2. I am half kidding about the exclusion of Man Utd in GW12 there. There's a perception that the team is terrible defensively but can score at will if they want but with an aSiB +/- of -23% on the road, I'll need to see more before I buy into that particular narrative

Tuesday, October 14, 2014

Adopt a Team: Hull Lineup

The second team we're going to adopt this week are Arsenal's opponents - Hull - who have been enjoying a reasonable start to the new campaign, although as we'll get to later in the week, their underlying data suggests trouble might be brewing if they don't start to generate more chances for their talented front pair.

Hull have switched between a 4-4-2 and 3-5-2 base formation thus far this year, making their lineup a little harder to forecast on a weekly basis. We don't really have enough of a sample of draw any concrete conclusions about the team scoring/conceding more/less goals when in either formation so I'm not going to focus too much attention there in this post. McGregor, Davies, Dawson, Robertson and Elmohamady all appear to be close to automatic choices here with Chester the first man in if the back three is favoured. Elmohamady is classified as a midfielder in the game so we'll touch on him in a second, leaving three options to consider. Davies and particularly Dawson come with the stronger reputations, while Bruce and Chester have the higher ownership numbers,1 yet it's Robertson who looks like the most interesting option here. We will get to individual data in the next post, suffice to say that Robertson leads his defensive teammates in created chances by a distance and offers as good a goal threat as any of them. Add in his lower price tag and he becomes the clear player to target here. Between the posts this is still very much McGregor's job, but with him sidelined until towards the end of Novemeber, Harper makes a reasonable rotation option for those looking to save a few pounds.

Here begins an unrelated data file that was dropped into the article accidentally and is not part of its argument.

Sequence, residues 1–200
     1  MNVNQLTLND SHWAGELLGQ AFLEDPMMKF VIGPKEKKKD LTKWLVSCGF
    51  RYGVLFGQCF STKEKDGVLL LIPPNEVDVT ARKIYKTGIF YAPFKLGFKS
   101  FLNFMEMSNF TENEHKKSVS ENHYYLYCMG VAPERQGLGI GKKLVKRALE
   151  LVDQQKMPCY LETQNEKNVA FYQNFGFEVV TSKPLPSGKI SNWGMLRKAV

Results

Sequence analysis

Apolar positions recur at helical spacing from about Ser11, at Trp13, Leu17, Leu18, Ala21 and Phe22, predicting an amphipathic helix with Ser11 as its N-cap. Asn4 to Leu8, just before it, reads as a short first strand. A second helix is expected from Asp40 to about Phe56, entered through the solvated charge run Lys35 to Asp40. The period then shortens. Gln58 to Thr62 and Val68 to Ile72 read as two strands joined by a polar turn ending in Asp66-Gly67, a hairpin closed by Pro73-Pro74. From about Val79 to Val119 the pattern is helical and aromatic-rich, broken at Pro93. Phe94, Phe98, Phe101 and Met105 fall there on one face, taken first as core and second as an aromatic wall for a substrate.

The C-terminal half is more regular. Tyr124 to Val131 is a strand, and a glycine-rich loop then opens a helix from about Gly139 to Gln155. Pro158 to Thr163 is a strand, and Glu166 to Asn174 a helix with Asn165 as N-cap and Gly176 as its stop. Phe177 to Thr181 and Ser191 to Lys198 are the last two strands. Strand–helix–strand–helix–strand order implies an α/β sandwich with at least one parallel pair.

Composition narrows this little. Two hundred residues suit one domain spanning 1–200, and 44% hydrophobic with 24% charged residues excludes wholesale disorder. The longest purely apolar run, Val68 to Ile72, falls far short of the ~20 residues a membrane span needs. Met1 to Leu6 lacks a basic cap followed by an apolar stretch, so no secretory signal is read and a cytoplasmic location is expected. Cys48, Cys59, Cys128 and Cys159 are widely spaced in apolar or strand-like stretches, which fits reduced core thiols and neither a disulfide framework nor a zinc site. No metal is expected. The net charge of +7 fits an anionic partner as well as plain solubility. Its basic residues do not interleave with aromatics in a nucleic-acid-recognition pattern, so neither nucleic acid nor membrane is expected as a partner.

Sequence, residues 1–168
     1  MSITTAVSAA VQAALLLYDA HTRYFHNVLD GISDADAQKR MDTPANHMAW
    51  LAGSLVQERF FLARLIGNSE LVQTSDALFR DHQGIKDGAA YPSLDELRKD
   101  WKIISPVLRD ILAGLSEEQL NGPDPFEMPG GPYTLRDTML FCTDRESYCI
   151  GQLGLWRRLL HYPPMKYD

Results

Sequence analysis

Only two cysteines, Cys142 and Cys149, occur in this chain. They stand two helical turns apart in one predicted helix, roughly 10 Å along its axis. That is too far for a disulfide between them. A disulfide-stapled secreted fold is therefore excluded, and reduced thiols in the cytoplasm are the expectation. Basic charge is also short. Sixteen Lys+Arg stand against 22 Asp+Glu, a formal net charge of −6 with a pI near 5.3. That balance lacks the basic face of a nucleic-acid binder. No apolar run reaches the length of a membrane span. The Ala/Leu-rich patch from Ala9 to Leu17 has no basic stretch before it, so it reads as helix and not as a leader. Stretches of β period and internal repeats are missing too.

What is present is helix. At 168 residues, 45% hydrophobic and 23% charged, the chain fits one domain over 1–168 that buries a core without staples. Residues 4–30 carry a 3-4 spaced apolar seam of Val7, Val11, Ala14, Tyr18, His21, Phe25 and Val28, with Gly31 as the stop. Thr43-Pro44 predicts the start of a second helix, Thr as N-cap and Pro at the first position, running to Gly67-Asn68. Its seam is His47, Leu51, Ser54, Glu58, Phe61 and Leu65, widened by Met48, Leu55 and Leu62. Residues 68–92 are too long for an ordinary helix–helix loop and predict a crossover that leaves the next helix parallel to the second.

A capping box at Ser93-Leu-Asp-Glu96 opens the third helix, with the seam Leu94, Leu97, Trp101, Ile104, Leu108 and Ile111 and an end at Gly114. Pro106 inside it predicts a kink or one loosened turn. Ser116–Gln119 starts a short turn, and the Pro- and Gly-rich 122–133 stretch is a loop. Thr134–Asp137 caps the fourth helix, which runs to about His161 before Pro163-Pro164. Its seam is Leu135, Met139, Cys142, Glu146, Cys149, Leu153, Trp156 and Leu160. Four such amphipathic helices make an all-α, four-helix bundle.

Whatever the formation, Steve Bruce had tended to deploy the Huddlestone and Livermore combination in the middle of the pitch, yet while that decision may be wise in terms of securing Hull's Premier League status, the pair do little to excite fantasy managers. In one sense, Huddlestone has shown flashes of excitement with 13 shots ranking up among some of the league's more promising midfield talents yet with just one of those coming from within the box, it's tough to forecast anything more than the two goals he chipped in with last time season.

The remaining positions - those which are most important to fantasy managers - are the trickiest to forecast and it's that uncertainty which may temper any enthusiasm surrounding this talented group. Whether in an advanced role or playing alongside Huddlestone and Livermore, Diame seems to have the inside track on one of the remaining midfield spots and he currently leads Hull midfielders in shots inside the box and penalty box touches. However, it's reasonable to assume that Ben Arfa has been brought to the KC Stadium to contribute in the first team sooner rather than later, which puts both these players into the risky category. To date Bruce seems to favour deploying both Jelavic and Hernandez, though it wouldn't be too surprising to see him roll with Ben Arfa, Diame or Ince behind a lone forward in away games, as was the case before Hernanez arrived. All this essentially means we have five players to fit into three spots.2 His pair goals in just four games suggests that Hernandez is the automatic choice here but his nine total shots (five SiB) are not spectacular and a local media review suggests there is still room for improvement in his overall game. He's a player who I will be watching closely at the weekend given his reasonable price tag and upside but I couldn't suggest investing in him just yet until we see how Ben Arfa is going to impact this team.